SkyGlide

An inclinator called SkyGlide and a new platform were built linking the Langkawi Cable Car's Top Station and the Sky Bridge, taking passengers down to the Sky Bridge. It opened in December 2015.[8] The SkyGlide cabin can accommodate 12 passengers or 1,050 kg (2,310 lb) load per trip, and the ride lasts about two minutes.[9] The ticket for the SkyGlide is sold separately at the Top Station.[5]

A cheaper alternative to the SkyGlide is for visitors to walk 10–20 minutes along a steep and less secure mountain track between the Top Station and the Sky Bridge.

Popular media[edit]

The last scene of the 2006 Indian movie Don: The Chase Begins Again was filmed here. The 2007 Tamil movie Billa starring Ajith Kumar was also filmed here.

Technical information[edit]

  • Overall length of curved walkway: 125 m (410 ft)[10]
  • Area of the bridge: 500 square meters (5,400 sq ft)[10]
  • Pylon height: 82 m (269 ft)[10]
  • Pylon foundation: 605 m (1,985 ft) above sea level[10]
  • Top of pylon: 687 m (2,254 ft) above sea level[10]
  • Maximum capacity: 250 people.[10]

Gallery[edit]

References[edit]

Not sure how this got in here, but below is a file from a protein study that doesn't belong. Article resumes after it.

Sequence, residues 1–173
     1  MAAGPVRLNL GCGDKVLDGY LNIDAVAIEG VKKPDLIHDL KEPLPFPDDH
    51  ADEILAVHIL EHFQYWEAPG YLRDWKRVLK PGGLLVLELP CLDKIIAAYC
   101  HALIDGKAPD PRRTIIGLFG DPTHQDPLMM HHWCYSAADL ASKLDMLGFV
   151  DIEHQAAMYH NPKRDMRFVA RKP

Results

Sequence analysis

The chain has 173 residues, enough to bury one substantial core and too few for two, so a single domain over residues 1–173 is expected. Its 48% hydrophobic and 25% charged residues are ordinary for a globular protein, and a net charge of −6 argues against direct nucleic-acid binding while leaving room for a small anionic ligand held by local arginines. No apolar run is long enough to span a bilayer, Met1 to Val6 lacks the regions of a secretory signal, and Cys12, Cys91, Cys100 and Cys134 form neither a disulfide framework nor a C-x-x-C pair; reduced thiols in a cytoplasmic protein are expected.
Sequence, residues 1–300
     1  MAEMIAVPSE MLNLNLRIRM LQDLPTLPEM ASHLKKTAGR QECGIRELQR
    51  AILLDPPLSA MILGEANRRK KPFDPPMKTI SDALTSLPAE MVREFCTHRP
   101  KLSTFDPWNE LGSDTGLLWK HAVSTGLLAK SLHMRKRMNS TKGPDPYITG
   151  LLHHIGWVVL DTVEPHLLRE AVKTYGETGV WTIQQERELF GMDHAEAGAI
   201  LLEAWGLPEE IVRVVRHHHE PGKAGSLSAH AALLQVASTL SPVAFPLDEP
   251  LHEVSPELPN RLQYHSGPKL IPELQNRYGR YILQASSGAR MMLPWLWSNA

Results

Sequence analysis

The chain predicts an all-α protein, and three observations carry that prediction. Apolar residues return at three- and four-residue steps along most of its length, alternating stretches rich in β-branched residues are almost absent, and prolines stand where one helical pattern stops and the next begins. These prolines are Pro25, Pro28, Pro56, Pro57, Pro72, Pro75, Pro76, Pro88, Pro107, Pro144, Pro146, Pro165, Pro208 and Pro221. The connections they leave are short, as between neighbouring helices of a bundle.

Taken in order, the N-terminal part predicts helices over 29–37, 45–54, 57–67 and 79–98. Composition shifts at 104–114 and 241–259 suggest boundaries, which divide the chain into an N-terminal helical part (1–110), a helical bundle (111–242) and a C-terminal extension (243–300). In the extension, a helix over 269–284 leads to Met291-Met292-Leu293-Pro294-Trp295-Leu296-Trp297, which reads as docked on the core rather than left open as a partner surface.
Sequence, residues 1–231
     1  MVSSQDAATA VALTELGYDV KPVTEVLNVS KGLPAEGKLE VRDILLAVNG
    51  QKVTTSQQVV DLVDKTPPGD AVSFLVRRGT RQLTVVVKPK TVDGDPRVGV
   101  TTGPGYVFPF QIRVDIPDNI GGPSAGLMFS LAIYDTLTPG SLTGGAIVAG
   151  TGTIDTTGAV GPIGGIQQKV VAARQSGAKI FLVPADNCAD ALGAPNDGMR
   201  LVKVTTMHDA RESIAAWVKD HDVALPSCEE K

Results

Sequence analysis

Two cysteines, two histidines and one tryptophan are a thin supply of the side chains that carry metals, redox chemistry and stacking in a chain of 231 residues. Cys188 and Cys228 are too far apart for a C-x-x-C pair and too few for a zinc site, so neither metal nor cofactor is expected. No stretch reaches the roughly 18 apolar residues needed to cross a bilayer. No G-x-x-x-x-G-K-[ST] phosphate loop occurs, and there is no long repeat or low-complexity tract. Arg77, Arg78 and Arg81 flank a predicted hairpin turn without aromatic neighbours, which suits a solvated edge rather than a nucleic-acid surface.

1. ^ a b "Swiss Steel Design Award 2005 goes to the Panorama Bridge in Langkawi" (PDF). Wyss Planning Consultant. 2005.
  2. ^ a b c d Lim Chin Beng, Shin Yoke Keong (2006). "Cable Stayed Curved Bridge, G Machincang, P, Langkawi Malaysia". In Ben Barr (ed.). Fourth International Conference on Current and Future Trends in Bridge Design, Construction and Maintenance. Thomas Telford Publishing. pp. 370–385. ISBN 9780727734754.
  3. ^ a b "Langkawi Sky Bridge". Langkawi Insight.
  4. ^ "Langkawi Sky Bridge". Google Sightseeing. Retrieved 18 December 2014.
  5. ^ a b "A Convenient Way To Visit SkyBridge". Archived from the original on 6 January 2016.
  6. ^ a b c "Parts of Langkawi Sky Bridge to reopen this month". The Star Online. 2 February 2015.
  7. ^ Oh Chin Eng (2 September 2014). "Langkawi Sky Bridge to reopen in December". The Star Online. Retrieved 15 January 2015.
  8. ^ "SkyGlide -Experience it Today". Facebook.
  9. ^ "SkyGlide tarikan terbaru kereta kabel Langkawi". Sinar Harian. 18 December 2015.
  10. ^ a b c d e f Tanvir (1 November 2019). "The Amazing Langkawi Sky Bridge! - [Langkawi Sky bridge ]". Langkawi Sky bridge. Retrieved 4 November 2019.

External links[edit]